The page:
SENASA recommends ‘precautionary measures’ against spread of bird flu in sea lions

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Photo: Maxi Jonas (file photo).

The National Agri-Food Health and Quality Service (SENASA) has issued a series of “preventive measures and recommendations” to the public in response to sea lion deaths that may have been affected by bird flu in different parts of the Atlantic coast.

“Based on the current situation, due to the detection of Highly Pathogenic Avian Influenza (HPAI) in marine mammals, sanitation has been put in place and precautionary recommendations have been made to institutions and the public”SENASA said in a statement.

Judging from the notice Sea lions with symptoms and/or death associated with HPAI“Everyone participated in accordance with the epidemiological actions corresponding to the emergency management of avian influenza.”

In light of the positive laboratory diagnosis, “an intervention program was implemented with municipal, provincial and national institutions, coordinating strategies and health tasks to control the outbreak”.

Senasa Cooperate with national, provincial and municipal wildlife and biodiversity authorities to deal with cases of wildlife.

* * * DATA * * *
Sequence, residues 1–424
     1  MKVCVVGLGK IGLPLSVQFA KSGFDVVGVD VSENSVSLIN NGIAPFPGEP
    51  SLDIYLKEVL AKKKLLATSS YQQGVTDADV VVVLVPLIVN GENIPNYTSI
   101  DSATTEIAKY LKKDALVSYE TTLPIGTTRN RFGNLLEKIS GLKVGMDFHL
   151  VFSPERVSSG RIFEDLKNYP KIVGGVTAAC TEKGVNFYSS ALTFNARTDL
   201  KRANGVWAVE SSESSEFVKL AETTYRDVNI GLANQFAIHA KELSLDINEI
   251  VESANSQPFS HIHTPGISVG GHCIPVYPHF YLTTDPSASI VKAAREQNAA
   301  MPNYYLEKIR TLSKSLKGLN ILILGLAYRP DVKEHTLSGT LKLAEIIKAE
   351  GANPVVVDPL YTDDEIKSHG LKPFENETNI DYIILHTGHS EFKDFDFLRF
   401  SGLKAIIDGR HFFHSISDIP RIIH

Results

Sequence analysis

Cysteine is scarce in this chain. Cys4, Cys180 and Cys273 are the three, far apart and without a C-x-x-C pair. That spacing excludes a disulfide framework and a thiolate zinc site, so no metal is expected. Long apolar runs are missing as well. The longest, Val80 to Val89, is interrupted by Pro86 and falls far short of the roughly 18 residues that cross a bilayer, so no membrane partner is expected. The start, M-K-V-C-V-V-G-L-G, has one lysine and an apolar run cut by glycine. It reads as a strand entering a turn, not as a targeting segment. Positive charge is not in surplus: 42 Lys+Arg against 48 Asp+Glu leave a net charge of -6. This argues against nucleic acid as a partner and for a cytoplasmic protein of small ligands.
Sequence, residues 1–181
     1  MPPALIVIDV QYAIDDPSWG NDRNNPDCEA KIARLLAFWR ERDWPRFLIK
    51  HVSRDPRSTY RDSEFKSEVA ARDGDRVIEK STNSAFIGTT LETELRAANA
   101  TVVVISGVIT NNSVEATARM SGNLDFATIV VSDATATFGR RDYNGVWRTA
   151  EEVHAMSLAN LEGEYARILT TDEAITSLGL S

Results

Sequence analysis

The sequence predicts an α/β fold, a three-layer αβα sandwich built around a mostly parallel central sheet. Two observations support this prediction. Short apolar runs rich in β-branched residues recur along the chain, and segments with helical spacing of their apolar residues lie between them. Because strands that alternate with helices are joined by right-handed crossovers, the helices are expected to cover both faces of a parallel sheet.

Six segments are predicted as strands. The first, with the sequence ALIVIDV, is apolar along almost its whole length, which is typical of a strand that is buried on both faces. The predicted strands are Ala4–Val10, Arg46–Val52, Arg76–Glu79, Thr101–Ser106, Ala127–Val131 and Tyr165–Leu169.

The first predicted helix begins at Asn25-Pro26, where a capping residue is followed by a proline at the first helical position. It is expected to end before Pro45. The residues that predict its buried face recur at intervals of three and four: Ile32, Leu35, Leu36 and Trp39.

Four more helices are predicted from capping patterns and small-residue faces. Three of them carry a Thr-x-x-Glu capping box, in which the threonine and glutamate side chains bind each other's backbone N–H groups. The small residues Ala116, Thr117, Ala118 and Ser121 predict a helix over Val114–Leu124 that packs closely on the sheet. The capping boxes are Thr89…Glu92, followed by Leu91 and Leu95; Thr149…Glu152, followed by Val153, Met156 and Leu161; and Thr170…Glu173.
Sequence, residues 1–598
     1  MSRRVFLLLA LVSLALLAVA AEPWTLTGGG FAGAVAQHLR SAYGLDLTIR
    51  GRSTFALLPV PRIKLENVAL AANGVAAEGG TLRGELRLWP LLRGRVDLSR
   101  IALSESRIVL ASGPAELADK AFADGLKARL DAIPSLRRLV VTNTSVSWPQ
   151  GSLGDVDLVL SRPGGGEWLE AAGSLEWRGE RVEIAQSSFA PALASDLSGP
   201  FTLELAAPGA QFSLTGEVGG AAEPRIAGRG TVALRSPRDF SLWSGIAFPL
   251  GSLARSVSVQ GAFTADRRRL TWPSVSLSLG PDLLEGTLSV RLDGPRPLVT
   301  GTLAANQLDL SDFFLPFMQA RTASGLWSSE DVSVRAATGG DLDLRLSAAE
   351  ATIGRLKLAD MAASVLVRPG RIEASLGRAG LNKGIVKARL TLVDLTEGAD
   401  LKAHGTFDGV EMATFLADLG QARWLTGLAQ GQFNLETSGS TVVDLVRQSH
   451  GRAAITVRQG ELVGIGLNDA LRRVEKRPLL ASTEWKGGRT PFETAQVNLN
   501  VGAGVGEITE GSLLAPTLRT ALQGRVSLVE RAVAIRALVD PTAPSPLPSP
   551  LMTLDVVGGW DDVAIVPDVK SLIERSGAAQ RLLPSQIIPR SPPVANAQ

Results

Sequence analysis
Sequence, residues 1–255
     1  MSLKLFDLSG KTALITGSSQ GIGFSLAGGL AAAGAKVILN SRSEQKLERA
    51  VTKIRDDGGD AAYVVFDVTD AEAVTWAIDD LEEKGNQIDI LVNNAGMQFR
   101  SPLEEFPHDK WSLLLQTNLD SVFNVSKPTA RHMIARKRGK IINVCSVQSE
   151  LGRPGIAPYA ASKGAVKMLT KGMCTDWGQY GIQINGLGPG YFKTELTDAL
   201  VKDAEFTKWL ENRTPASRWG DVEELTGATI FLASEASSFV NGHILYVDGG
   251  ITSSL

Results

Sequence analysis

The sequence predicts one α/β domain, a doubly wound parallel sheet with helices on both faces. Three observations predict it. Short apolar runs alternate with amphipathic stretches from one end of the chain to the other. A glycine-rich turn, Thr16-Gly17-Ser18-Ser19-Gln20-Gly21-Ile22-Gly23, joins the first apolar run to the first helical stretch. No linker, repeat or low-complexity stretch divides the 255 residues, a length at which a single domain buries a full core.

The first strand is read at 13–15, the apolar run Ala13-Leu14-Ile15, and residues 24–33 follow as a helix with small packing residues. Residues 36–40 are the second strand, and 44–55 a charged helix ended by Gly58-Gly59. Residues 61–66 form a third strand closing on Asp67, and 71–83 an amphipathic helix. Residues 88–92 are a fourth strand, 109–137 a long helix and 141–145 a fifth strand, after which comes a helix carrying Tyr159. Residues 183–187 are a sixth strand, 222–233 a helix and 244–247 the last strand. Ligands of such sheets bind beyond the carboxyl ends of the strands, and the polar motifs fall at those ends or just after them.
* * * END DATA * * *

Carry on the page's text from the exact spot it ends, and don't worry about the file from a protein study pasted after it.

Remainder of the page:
However, SENASA has clarified “In any case where wild animals such as sea lions are suspected of being infected with bird flu, it will not perform a sanitary culling”.

“The samples used for laboratory diagnosis were performed on animals that died of the disease or were sick and those buried at the site (to avoid transmission of the virus) were animals that died of the disease,” the release added .

In making their recommendations, they noted that because the virus is present in the secretions and excreta of sick or dead animals, “Institutions and the public are reminded not to approach dead animals or animals with suspicious symptoms if death, neurological, digestive and/or respiratory symptoms are found in wild and domestic marine mammals or birds (primarily including ducks, hens), Please inform SENASA, chicken, rooster, goose, turkey)”.

Therefore, SENASA reminds, “In the presence of wild animals, such as sick or dead birds and sea lions, do not approach and avoid direct contact.”

Additionally, “responsible management of pet owners by limiting their access to beaches with sick or dead animals” and “immediate notification of the presence of sick or dead wildlife.”

Regarding the epidemiological situation, SENASA emphasized that recent detections in marine mammals “do not affect the animal health status declared to the World Organization for Animal Health (OMSA), and Argentina maintains the status of a country free of HPAI in poultry”.

According to the organization’s guidelines, the disease is likely to be present in subpopulations of wild animals, and subpopulations of poultry can be protected from the disease through biosecurity measures and surveillance.

Finally, the agency said it “will continue to work with different regional, national, provincial, municipal organizations and production sectors to maintain a state of alert and epidemiological surveillance in an effort to contain the spread of the disease.” ”

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